Comprehensive car insurance typically covers hail damage — find out how to get the right coverage.
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Depending on the size of the storm, hail damage can range from a few dents on the hood to a total loss. Rest assured: if your vehicle is damaged by hail, your comprehensive coverage will cover the damages. This policy feature — usually paired with collision coverage — is designed to protect against weather-related threats. Let’s explore the ins and outs of hail damage and car insurance as well as how to ensure you have the best rate after filing a claim.
Comprehensive coverage will cover costs from hail damage, as long as the policy was valid prior the damage occurring. Comprehensive coverage is designed to fill the coverage gaps left by and collision coverage. While liability insurance protects other people and property from damage you cause, and collision protects your vehicle, comprehensive covers damage that occurs outside of collision, including:
These rules don't vary much by car insurance company or by state. If you carry an insurance policy with GEICO in California and your cousin has Allstate in Texas, you both would have the same coverage against hail (as long as you both have comprehensive coverage).
Like collision coverage, comprehensive coverage has a deductible. The deductible amount may depend on your individual circumstances.
The price of comprehensive coverage will depend on the value of your vehicle, as that is what your insurance company would need to pay to replace. We created estimates based on generic insurance rates to provide some directional guidance when shopping for hail coverage.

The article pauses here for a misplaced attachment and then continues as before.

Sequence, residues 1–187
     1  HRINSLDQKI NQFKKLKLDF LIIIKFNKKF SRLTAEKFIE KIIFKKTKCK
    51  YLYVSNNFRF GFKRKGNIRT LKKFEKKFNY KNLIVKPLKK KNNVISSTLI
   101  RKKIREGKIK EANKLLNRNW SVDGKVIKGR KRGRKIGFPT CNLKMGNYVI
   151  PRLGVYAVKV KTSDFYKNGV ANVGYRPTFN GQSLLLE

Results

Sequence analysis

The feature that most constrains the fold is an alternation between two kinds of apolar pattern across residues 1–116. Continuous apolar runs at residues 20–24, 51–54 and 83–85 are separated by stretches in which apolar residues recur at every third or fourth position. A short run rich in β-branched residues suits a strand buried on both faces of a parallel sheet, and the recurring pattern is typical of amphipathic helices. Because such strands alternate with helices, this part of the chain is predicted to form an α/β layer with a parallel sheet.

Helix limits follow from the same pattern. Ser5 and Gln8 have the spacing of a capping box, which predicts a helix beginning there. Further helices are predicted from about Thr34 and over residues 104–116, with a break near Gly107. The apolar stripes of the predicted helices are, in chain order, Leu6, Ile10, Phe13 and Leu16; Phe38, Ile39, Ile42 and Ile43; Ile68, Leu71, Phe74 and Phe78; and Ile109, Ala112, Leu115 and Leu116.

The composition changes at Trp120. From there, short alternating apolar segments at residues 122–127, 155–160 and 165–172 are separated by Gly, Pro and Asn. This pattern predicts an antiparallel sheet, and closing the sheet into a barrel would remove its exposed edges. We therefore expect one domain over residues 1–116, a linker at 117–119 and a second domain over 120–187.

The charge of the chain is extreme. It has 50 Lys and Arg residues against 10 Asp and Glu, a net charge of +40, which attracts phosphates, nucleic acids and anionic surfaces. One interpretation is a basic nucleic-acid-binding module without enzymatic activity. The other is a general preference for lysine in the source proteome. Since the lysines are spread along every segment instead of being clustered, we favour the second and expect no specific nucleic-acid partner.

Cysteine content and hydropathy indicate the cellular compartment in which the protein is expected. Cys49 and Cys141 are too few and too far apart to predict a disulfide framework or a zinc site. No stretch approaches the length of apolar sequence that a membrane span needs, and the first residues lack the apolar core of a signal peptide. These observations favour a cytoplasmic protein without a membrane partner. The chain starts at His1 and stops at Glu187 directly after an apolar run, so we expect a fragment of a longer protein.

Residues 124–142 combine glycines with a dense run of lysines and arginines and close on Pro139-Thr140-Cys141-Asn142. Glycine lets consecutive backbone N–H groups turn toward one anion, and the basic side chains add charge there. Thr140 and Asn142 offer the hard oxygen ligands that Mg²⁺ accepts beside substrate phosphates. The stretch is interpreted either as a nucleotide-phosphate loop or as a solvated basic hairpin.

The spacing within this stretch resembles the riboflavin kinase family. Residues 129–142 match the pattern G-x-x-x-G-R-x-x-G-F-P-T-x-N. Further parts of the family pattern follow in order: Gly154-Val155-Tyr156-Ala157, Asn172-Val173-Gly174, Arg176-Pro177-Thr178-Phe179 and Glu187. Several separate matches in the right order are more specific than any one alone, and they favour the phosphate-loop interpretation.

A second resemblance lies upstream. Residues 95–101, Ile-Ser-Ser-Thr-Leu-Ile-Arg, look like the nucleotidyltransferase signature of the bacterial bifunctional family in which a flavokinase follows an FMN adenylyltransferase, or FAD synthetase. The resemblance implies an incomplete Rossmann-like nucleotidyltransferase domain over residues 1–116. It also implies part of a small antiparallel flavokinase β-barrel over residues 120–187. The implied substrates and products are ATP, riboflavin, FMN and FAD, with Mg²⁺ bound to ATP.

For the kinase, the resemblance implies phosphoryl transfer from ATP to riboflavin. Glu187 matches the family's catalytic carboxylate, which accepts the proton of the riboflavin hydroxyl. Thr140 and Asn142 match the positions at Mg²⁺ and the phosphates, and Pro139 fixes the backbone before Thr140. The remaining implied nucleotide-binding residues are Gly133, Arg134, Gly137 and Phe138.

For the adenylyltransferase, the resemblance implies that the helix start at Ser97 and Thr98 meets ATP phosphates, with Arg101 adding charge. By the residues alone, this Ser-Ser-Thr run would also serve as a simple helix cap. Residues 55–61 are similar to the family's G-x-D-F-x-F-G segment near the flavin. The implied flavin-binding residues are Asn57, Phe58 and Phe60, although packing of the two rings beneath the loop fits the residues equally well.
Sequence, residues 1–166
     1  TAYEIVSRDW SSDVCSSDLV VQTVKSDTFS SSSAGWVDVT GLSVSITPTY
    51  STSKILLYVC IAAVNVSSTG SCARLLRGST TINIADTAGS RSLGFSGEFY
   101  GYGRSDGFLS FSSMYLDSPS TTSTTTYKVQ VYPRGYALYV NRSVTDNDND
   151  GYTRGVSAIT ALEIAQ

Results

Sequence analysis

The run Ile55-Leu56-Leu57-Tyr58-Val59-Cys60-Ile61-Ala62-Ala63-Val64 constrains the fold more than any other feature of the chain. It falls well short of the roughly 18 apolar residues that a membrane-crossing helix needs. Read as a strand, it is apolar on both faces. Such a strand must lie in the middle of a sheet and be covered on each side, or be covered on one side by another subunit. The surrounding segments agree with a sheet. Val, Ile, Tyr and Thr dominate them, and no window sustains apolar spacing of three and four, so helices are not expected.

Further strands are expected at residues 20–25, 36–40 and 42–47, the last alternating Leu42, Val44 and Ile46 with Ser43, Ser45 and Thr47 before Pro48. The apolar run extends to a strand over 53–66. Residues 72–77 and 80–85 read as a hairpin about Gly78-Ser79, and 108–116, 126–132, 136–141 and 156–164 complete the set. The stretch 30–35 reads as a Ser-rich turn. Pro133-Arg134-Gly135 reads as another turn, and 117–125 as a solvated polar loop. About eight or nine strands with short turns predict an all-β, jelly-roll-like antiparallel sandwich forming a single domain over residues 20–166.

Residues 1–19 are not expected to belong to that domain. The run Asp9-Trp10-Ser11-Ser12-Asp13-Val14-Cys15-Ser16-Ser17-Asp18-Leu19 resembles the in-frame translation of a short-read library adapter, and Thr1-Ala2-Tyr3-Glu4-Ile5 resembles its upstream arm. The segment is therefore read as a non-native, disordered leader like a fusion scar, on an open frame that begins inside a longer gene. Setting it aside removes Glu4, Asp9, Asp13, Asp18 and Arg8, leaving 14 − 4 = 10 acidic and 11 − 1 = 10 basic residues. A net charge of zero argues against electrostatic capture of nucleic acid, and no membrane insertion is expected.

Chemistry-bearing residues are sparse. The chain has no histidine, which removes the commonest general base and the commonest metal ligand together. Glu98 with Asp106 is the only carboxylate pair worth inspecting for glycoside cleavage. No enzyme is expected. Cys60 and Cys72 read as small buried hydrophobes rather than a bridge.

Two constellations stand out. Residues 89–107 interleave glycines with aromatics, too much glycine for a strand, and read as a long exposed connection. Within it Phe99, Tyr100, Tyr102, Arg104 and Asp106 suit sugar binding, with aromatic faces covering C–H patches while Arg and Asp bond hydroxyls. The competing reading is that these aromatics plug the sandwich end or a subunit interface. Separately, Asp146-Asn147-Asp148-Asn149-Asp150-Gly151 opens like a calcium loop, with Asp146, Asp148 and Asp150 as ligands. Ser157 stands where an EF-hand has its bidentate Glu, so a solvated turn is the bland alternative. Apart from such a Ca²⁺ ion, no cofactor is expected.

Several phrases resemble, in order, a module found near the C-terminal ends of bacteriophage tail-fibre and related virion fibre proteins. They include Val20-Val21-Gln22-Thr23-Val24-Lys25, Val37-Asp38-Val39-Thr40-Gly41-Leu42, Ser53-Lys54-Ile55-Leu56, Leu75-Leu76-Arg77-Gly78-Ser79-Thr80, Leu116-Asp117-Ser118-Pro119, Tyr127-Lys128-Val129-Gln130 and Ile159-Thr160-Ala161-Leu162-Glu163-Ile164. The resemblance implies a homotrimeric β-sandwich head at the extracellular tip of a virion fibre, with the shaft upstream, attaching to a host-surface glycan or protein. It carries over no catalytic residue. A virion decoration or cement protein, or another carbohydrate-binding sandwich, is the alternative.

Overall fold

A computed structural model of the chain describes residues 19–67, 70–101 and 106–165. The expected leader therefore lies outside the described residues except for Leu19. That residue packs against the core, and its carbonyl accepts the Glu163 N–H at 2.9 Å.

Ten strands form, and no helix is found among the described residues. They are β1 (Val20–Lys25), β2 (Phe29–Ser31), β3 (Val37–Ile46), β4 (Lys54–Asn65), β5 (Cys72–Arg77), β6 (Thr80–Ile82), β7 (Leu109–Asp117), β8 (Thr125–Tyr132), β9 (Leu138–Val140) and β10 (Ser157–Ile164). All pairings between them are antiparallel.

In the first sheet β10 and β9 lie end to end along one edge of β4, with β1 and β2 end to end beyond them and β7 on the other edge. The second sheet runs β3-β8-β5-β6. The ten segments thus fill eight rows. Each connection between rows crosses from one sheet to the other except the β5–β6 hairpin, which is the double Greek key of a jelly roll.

|Insurer||Average Annual Premium|
With a standard $500 deductible, comprehensive coverage would set you back an average of $1,445 annually. If you qualify, USAA offers the cheapest premium for our user profile.
This can be a tricky question to answer. Before taking this step, ask yourself the following questions.
This one is pretty straightforward. In order to file a claim for hail damage, the damage must be greater than your deductible. Sometimes, it will be quite obvious but if you’re unsure, get an estimate for the repairs at a body shop.
If you own your vehicle and are planning to resell it down the line in order to purchase another vehicle, it might be in your interest to repair the hail damage.
If you’re leasing the vehicle, you’re absolutely going to have to get the damage repaired. A lease is basically a long-term rental agreement, in which you’re required by your lease to return the vehicle in near-perfect condition. If you’re financing the car, you also might be required to keep the vehicle in good condition. Check your financing agreement to be sure.
Most insurance companies tend to treat weather incidents such as hail as not-at-fault accidents. While a collision claim is generally seen as the fault of the driver and can be very costly, a comprehensive claim probably won't be as expensive.
A comprehensive claim will increase car insurance premiums by an average of $98 per year.